What if your New Year’s resolutions to eat healthier and lose X-number of pounds simultaneously made planet Earth healthier too? How great would that be?
We typically fill January with lofty me, me, me self-improvement goals, hang all else, that are doomed to fail because of their unspecific grandiosity. Sorry to be so harsh, but you know perfectly well what I’m talking about.
The key is baby steps. After six weeks of too much sugar, salt, fat, and liquor, here are my top “incrementals” that will take me (I hope) from wish to reality:
Eat out less. Sorry, dear chef friends, this month I’ve got to tighten my belt in all manner of ways. It’s just too hard to resist your decadent offerings when all I have to do is point to them on the menu. Too hard to keep from cleaning my plate or ordering dessert. Plus, um, how much sodium in a serving of baccalao?
Cook more. The surest method to portion control, healthy eating, and extra dollars in the bank is to shop for and cook our own food. It’s very self-limiting. Here’s where the bigger picture added value comes in: As any activist food writer—Michael Pollan, Marion Nestle, Mark Bittman, among others–will tell you, the act of home cooking provides the opportunity to support local agriculture and purchase foods that were grown in ways that protect and restore the soil.
If you don’t yet shop from local producers, try this baby step in 2015: Buy from a local farmer at least once this month. Winter is a great time to ease into farmers’ markets; they are smaller and more manageable. If you live in a cold climate (brrr, I’m talking to you, Midwest and east coasters), you’ll be surprised at what you can find beyond jams and Christmas garlands. If you are in the Los Angeles area, treat yourself to my winter farmers’ market tour on January 28, when we will focus on seasonal ingredients that help us reach our New Year’s goals.
Next, add monthly visits to the farmers’ market and watch the seasons evolve as more and more crops appear. By the time the hurly burly summer markets arrive, you’ll be a pro at sussing out the bargains. If this is too big a step for you, make a resolution to shop more often from the perimeter of the supermarket, where the whole foods live. That’s the best way to purge processed foods from your system.
Eat simply. Wherever you are on the healthful food scale, add just one day a week of light, clean, meatless cooking. By clean, I mean steamed, poached, or roasted rather than fried, sauced, or otherwise fat-laden. But don’t skimp on flavor. Eat more easy-to-prepare vegetable-based soups and stews like the no-cream, creamy parsnip puree pictured above, Elegant Borlotti Bean and Swiss Chard Soup with Red Carrots and Wild Mushrooms, and the Beans, Greens, and Butternut Squash Stew recipe below. Fill in the week with light, fish-enriched one-pot meals like this easy Detox dinner or any of these other suggestions:
- A French “Nabemono”
- The One-Pan Fish Stack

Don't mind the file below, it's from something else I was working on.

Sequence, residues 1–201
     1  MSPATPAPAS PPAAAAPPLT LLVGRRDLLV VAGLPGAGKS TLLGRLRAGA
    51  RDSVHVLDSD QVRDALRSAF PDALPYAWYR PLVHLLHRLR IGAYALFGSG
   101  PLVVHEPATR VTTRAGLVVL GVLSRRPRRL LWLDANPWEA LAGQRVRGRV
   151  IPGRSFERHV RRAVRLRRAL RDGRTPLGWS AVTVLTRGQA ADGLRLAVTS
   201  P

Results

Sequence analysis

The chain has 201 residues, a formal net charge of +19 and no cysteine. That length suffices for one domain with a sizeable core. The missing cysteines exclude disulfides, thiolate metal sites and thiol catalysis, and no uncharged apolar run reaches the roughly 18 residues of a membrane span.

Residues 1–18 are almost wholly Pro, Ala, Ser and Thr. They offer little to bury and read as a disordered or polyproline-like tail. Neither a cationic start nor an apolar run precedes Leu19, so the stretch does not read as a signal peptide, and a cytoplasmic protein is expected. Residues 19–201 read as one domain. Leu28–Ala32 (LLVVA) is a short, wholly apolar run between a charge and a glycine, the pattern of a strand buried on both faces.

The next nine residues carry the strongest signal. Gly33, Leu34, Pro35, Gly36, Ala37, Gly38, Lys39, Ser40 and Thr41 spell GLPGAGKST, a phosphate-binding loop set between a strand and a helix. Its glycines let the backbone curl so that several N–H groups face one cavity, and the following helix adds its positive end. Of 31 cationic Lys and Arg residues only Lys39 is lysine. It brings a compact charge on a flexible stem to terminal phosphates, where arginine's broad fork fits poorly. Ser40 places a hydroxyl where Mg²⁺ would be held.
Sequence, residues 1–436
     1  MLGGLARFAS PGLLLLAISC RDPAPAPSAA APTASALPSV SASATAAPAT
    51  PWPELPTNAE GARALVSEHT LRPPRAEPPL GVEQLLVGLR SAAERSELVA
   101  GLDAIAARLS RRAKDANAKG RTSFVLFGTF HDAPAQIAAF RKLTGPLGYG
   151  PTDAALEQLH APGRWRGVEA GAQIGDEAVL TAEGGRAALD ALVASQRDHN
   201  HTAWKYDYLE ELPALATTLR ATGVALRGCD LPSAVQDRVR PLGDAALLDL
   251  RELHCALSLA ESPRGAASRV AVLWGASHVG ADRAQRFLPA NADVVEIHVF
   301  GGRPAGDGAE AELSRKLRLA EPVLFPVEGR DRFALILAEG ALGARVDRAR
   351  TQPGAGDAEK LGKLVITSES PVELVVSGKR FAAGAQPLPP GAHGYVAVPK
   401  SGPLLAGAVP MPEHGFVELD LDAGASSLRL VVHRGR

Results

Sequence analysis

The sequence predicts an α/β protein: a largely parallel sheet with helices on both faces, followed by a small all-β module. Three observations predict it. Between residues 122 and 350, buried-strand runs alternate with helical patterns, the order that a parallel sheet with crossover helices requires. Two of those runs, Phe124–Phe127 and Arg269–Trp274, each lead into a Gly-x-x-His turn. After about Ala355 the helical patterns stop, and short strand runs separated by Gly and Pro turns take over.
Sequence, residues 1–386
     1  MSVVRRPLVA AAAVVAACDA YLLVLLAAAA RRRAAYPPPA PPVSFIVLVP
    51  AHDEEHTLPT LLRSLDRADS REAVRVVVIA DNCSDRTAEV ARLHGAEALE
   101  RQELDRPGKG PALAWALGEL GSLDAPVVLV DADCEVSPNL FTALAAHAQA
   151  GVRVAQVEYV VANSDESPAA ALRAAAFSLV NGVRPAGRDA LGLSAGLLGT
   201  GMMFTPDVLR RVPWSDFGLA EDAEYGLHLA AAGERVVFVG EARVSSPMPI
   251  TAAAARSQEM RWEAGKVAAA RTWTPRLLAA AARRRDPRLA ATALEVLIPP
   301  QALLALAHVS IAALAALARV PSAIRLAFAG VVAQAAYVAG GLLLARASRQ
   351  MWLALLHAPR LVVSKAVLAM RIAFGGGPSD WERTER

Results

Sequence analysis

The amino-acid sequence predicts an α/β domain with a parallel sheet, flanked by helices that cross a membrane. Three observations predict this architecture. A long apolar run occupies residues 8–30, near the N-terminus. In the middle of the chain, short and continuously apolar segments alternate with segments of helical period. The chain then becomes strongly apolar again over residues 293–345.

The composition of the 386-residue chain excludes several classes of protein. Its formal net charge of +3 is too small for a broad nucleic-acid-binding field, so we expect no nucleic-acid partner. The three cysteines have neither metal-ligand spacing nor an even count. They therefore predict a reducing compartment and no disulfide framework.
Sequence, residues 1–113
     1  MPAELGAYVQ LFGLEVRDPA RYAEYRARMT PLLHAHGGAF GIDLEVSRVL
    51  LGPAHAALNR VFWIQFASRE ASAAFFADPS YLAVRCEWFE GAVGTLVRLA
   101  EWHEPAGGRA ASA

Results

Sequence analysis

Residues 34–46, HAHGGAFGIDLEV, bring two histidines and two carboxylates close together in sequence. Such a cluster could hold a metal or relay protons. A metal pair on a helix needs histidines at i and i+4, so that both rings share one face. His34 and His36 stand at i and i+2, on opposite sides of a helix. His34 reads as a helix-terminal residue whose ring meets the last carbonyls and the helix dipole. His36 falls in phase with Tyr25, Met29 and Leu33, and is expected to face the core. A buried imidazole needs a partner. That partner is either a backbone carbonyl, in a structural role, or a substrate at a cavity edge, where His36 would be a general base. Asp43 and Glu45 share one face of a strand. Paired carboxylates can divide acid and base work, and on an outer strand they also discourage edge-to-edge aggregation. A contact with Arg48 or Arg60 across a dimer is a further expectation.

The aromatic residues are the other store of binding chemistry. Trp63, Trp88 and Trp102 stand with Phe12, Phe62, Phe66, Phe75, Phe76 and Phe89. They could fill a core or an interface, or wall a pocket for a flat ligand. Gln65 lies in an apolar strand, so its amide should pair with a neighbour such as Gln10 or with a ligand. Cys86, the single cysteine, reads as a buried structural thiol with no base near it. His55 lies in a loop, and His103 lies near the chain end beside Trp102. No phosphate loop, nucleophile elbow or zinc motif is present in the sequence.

- Autumn Fish Stew
- Pan-Roasted Sea Bass with Citrus and Avocado Oil
Greens, Beans, and Butternut Squash Stew
Makes 6 to 8 servings
4 dried smoked tomatoes
1 chipotle chile (NOT the canned kind in adobo sauce)
1 to 2 bunches Swiss chard (enough to yield 8 cups chopped greens), or other quick-cooking green, such as Tuscan kale
1 medium onion, chopped
4 large cloves garlic, minced, about 2 tablespoons
2 pounds winter squash, such as butternut
3 cups cooked beans, such as cranberry or peruano, and their cooking liquid (see below)
1/2 cup vegetable stock or water
2 tablespoons extra virgin olive oil, avocado, or grapeseed oil
Kosher or sea salt
1 large lime
A nice big handful of cilantro
Cooked quinoa or brown rice to serve, optional
Soak the tomatoes and chile in ½ cup hot water for 10 minutes. Use a kitchen scissors to snip the tomatoes in small pieces and to split the chipotle lengthwise leaving the stem end attached. Return them to the soaking liquid.
Meanwhile, wash the Swiss chard and strip the stems from the leaves. Chop the stems crosswise into small pieces. Cut the leaves crosswise into ½-inch wide ribbons. (If you are using kale, discard stems; they are too tough.) Peel the butternut squash and cut into 1- to 2-inch pieces.
Heat the olive oil in a wide pot over medium heat. Stir in the chopped onion and chard stems. Add a generous pinch of salt and cook, stirring occasionally, until soft, 5 to 7 minutes. Add the garlic and cook 1 minute.
Add the squash cubes and about a ½ teaspoon salt to the pot, top with the chard leaves, and cover the pot. Cook until chard is wilted and squash is bright orange, 7 to 10 minutes, stirring occasionally.
Stir in the beans and ½ cup of their cooking liquid. Add the tomatoes and chipotle and their soaking liquid. Add ½ cup water or vegetable stock and the remaining salt. Cover pot and reduce heat to low. Simmer the stew until squash is tender and flavors are blended, 15 to 20 minutes. The dish may be made to this point a day ahead and reheated. Spoon into bowls (over quinoa or brown rice if using), and top each with coarsely chopped cilantro and a squeeze of lime.
Click here for a printable version of this recipe.
© 2012, Amelia Saltsman